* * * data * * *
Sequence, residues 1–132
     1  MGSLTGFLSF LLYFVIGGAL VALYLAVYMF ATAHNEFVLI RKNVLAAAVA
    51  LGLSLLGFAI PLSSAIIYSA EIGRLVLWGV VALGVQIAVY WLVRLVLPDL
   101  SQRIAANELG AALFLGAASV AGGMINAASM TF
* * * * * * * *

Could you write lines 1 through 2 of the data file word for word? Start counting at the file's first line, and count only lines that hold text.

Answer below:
Sequence, residues 1–132
     1  MGSLTGFLSF LLYFVIGGAL VALYLAVYMF ATAHNEFVLI RKNVLAAAVA